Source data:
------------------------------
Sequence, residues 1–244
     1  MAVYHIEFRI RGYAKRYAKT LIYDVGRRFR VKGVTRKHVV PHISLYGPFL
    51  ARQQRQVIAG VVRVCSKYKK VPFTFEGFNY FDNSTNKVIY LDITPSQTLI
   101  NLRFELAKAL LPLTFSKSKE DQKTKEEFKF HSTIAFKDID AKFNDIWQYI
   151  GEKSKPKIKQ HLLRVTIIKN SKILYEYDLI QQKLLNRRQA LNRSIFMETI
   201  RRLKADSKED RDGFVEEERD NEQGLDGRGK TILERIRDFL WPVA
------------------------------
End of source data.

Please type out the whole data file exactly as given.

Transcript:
Sequence, residues 1–244
     1  MAVYHIEFRI RGYAKRYAKT LIYDVGRRFR VKGVTRKHVV PHISLYGPFL
    51  ARQQRQVIAG VVRVCSKYKK VPFTFEGFNY FDNSTNKVIY LDITPSQTLI
   101  NLRFELAKAL LPLTFSKSKE DQKTKEEFKF HSTIAFKDID AKFNDIWQYI
   151  GEKSKPKIKQ HLLRVTIIKN SKILYEYDLI QQKLLNRRQA LNRSIFMETI
   201  RRLKADSKED RDGFVEEERD NEQGLDGRGK TILERIRDFL WPVA